Basically, we can disagree and still be agreeable. The community needs to know that their School Board is acting as a system of “checks and balances” and that any superintendent is not just being given “carte blanche” to do whatever he or she wants.

Now for the irony I promised. Although I had already heard this from a third party, the same anonymous friend (mentioned earlier) advised me that he had been contacted by a prominent member of the current Board, who attempted to recruit or encourage him to consider becoming a candidate for the board.

This has fueled speculation that perhaps one of the current incumbents whose term is about to expire, may not seek reelection, thus resulting in an open seat. The call was received prior to the holidays. In any campaign, such advance notice provides a significant advantage to the forewarned candidate.

Such strategies are not unique to FBISD. During recent training, we learned of another Texas school district that had a retiring incumbent resign his seat in mid-term so that a preferred replacement could be selected, giving the appointee a tremendous advantage in the upcoming election.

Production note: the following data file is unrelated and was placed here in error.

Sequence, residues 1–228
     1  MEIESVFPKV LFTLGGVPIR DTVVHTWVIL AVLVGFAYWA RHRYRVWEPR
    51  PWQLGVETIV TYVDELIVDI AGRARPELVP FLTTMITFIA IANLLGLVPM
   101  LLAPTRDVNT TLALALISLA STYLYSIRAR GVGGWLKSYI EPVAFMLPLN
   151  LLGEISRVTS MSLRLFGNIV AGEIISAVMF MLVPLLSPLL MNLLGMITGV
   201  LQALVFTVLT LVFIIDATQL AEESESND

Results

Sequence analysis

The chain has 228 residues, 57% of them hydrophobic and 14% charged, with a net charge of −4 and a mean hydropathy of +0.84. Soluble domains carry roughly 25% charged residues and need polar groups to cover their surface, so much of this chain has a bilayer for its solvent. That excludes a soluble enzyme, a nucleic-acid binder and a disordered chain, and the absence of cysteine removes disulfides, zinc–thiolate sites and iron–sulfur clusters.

It will be nice to see a day when such strategies are no longer employed and the average citizen had just as even a chance of winning as any other candidate.

OH! I’m supposed to remind everyone that I do not speak for the FBISD Board of Trustees.

Mr. Babb is a current member of the FBISD board.

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On November 24, 2010 Mr. Russell Jones, Sugar Land City Councilman, a member of the First Colony Community Services Association (FCCA) nominating committee, and an attorney representing the interests of various homeowners associations published an article full of inaccuracies and outright distortions that need to be addressed.